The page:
Here’s a breakdown of the entire year. You will see that as the year progressed, I added more revenue streams, and my traffic increased, causing my monthly income AND RPM (revenue per 1000 visitors) to increase pretty consistently throughout the year:
What’s next for Bowl of Delicious!
My conclusions at the end of the first year of blogging were this: the more traffic you get, the more money you make. And the more revenue sources you have, the higher your RPM is. So at the start of 2015, I focused on getting even more traffic to my blog (by marketing it more on social media and other websites), and by adding more revenue sources (Bluehost and Studiopress affiliate links from my How to Start a Blog page).
My goal for the end of the first year of blogging was to make $100/month by the end of the year, which I surpassed- actually, MORE THAN DOUBLED!
My new goal is: By the end of my second year of blogging (December 2015) I will be making at least $1000 a month from my blog. Whoa. Saying that out loud (or, actually, typing that silently) is kind of scary. That’s a significant amount of money!
So now I’m all, “what if it doesn’t work?” and “OooOOo I am so excited” and “that sounds almost impossible” and “wow, I could totally start shopping at Whole Foods again if I made that kind of money! Bring it on, free cheese samples!!”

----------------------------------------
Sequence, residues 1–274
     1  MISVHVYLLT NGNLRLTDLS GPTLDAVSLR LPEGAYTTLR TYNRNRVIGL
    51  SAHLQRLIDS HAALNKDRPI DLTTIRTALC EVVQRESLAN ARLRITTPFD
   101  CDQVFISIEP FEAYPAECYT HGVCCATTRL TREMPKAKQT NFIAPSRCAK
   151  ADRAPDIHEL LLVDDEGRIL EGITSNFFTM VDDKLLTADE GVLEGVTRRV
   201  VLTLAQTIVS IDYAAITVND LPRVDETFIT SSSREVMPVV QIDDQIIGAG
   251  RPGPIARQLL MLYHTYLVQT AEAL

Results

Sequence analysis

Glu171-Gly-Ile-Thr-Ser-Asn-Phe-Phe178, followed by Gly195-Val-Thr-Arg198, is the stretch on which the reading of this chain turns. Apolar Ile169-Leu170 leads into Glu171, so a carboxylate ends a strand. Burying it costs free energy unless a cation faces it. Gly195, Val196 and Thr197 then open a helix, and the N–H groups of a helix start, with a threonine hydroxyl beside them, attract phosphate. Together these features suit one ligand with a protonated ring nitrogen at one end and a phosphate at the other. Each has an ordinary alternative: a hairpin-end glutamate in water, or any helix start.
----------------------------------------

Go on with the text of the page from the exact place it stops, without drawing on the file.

It’s going to be a challenge, and it might not work, but I’m going to give it the old college try and see what happens. And I’m hoping that you, my readers, can benefit from what I try and my successes/failures, and also give me feedback/advice along the way to help me out :-) Because it turns out, having a blog is like owning your own business. Actually, it’s EXACTLY like owning your own business. And this girl here has no official business experience besides this blog. Everything I learn, I’m learning from people like you.
OK. So here’s my plan for the next few months.
First, I’m going to focus a LOT on driving more traffic to my blog. During the first year, traffic increased dramatically from month to month. Now, in my second year, traffic growth is more stagnant. Here’s what I’m going to do to increase traffic:
- Write a new post 2-3 times a week. I had previously been writing 1-2 times per week. The more frequently you post, the more chances there are for people to visit your website.